How do CEOs make money out of stock bonuses



You hear a lot about CEOs making scandalous bonuses in stock but I was under the impression that they can’t sell massive quantities of stock all at once otherwise the price might drop. I also hear they can get loans using stock as collateral but don’t those loans need to be paid back? Also, apparently hardly anyone pays dividends anymore. Does this money “exist”? Can they purchase stuff worth millions of dollars? Or are they actually cash poor?

In: Economics

When I started at my current company part of the benefit package was a series of “stock options” that granted me the right to buy company stock on or before a future date at a specific price.

If the stock were to rocket to $200/share, I could still exercise the options for $13 and effectively pocket the difference.

Yes a CEO can’t liquidate an enormous stock position in one day, but that’s true for every wealth person. They all keep their money in stocks, not Scrooge McDuck vaults – it’s only sold as needed to fund other activities or move to better investments.

They have vast collateral to keep cheap lines of credit open, but they can certainly be cash poor.

They have stock options and all that is true, BUT

Most CEOs bonus structure is tied to the stock price. If they meet their stock goals they are given millions of dollars. They are then incentivized to do things like stock buy backs.

I’ll question your assertion that “hardly anyone pays dividends anymore”, I literally just received a dividend yesterday from my corporate stock, and will continue to receive them quarterly… That’s kinda the point, as part owner of the company, I’m entitled to a part of the profits.

It’s true that CEOs can’t sell off stock easily, they typically have to declare sales in advance to avoid things like insider trading or causing an uproar on the market. But that’s not to say they can’t sell large volumes of stock, they can earn millions of dollars from stock sales in a go, but they just need to forecast it.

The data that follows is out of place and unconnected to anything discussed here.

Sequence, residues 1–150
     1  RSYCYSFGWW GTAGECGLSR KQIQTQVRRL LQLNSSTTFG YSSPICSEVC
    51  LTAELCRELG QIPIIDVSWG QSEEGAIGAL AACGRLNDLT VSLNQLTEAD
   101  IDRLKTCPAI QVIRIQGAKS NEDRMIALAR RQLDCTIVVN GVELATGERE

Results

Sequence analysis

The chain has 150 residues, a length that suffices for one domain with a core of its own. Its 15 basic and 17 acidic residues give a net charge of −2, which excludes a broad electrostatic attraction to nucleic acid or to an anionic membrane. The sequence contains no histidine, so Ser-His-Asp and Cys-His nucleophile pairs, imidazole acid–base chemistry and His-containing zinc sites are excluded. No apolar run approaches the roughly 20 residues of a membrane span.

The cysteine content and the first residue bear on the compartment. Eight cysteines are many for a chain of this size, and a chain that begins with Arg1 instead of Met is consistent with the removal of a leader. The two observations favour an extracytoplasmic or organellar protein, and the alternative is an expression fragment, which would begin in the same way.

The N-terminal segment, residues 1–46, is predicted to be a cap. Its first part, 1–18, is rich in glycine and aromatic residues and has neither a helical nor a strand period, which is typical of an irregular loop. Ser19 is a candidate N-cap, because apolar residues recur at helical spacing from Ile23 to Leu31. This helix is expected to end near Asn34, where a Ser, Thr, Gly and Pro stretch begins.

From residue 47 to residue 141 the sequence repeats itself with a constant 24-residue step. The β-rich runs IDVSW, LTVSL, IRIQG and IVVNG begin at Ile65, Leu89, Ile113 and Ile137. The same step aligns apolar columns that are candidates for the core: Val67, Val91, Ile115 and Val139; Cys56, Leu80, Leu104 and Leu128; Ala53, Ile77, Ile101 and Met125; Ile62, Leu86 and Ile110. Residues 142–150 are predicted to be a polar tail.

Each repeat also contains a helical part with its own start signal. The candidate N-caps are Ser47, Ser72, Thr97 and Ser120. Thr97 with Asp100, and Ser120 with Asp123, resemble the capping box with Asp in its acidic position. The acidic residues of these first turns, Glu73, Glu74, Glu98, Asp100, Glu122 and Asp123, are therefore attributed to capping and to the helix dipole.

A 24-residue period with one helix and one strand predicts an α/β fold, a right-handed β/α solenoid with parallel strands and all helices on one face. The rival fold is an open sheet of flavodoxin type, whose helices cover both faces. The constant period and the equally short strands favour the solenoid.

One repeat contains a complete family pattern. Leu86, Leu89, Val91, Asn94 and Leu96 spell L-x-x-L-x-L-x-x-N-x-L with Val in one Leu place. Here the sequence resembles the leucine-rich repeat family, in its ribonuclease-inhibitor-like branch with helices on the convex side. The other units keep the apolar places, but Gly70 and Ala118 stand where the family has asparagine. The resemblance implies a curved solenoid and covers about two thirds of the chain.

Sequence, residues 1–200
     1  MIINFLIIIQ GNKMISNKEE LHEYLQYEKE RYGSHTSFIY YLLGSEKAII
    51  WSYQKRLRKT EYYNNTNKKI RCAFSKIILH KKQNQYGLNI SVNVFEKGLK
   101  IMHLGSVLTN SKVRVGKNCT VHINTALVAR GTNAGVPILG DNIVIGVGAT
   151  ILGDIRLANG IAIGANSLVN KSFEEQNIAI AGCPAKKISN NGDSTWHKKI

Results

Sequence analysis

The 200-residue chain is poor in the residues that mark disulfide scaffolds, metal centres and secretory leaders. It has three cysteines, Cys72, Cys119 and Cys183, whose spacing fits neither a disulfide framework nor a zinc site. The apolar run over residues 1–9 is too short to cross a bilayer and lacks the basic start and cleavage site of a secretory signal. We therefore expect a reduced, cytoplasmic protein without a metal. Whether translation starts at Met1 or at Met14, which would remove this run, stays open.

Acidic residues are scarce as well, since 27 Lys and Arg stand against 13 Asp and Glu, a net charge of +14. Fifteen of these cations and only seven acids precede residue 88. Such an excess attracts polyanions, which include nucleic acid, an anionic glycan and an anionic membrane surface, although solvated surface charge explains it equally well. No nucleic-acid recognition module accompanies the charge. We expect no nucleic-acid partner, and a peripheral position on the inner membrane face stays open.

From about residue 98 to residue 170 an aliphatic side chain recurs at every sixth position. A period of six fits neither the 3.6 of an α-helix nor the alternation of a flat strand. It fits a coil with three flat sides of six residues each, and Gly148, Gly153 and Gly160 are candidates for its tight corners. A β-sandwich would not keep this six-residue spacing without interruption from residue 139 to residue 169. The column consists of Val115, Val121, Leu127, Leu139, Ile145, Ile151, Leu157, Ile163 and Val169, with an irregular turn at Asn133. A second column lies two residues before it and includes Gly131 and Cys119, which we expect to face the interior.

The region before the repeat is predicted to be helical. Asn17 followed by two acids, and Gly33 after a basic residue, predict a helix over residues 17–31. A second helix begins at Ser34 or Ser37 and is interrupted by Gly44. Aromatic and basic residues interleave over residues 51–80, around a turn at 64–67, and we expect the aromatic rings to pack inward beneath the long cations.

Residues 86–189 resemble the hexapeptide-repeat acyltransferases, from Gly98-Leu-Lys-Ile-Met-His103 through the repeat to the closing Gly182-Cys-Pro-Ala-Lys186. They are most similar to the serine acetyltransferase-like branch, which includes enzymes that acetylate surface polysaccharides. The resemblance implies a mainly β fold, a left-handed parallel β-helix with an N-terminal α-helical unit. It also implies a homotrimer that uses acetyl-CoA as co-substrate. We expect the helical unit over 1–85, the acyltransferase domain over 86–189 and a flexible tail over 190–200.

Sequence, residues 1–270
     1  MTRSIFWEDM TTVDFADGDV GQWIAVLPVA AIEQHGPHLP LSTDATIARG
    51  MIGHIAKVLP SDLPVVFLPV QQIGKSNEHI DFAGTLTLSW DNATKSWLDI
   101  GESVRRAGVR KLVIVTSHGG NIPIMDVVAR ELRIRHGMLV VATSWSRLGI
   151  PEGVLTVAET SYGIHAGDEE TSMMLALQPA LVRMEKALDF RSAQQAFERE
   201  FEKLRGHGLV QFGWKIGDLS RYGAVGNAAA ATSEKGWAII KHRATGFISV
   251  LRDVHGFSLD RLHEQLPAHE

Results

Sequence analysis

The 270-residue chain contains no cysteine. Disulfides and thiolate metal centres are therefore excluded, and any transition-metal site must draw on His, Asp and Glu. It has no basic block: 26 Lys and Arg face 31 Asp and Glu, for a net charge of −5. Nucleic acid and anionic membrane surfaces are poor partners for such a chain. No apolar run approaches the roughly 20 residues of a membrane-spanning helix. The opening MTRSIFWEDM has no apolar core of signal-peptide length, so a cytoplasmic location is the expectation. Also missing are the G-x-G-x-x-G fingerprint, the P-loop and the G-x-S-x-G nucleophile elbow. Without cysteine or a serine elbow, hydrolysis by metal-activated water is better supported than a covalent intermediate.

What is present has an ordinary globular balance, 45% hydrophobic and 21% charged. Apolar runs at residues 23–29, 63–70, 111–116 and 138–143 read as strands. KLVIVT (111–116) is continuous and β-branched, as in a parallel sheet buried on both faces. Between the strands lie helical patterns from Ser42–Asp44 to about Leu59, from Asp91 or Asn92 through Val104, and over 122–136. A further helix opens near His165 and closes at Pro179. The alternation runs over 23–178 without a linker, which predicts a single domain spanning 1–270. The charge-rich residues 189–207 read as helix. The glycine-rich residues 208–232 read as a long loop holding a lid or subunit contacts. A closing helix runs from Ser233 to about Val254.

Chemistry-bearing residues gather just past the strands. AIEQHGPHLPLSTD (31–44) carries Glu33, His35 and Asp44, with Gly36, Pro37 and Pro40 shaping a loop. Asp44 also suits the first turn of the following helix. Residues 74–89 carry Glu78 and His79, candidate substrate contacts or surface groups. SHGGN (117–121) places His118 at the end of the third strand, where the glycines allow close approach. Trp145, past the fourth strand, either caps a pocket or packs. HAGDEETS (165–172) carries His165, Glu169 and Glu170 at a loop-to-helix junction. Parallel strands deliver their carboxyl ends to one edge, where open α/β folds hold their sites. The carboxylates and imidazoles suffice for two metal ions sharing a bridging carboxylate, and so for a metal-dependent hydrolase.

Options are also a big piece, as u/Lithuim explained below. It’s essentially a free bonus.

Take Tim Cook or Elon Musk. They both have stock grant or option programs based on the performance of their companies. For Musk especially he could get HUGE amounts of stock, but then the targets he must meet are very high, meaning the company became wildly successful.

For the most part they sit on that stock. Musk has no need for $5 billion right now, so no need to sell that much. But they all can set up preprogrammed stock sales to get them a very healthy amount of money on a regular basis without any real impact on the company. Bezos funds his rocket company with a yearly $1 billion sale of Amazon stock.

As far as loans, they do need to be paid back. But the terms are very favorable with value of a solid company’s stock as collateral.

First off, CEO’s aren’t typically getting bonuses that are so much stock as to move the market. 50k or 100k shares on a stock that trades 1m+ daily isn’t really enough to make that big an impact. But they typically don’t sell it all in one fell swoop. Partly because the market wants to see C-level execs with skin in the game, so to speak, by holding shares — that’s the reason they’re granted in the first place. CEO’s and other top exec often have recurring trades set up to sell smaller amounts on a regular basis, both to spread out the volume but also to remove inkling of insider trading, while being able to take some money off the table to spend, diversity their investments, etc. So they may have something set up to, for example, sell 5,000 shares every quarter one week following their earnings report.

But even if they wanted to buy a yacht or something and needed eight figures, that amount of money transacting in shares is not all that dramatic. Companies performing stock buy backs are dealing with much larger quantities of shares, but you don’t really see even tens of billions being spent to buy back Apple shares, let alone if Tim Cook were to sell off $5m in shares.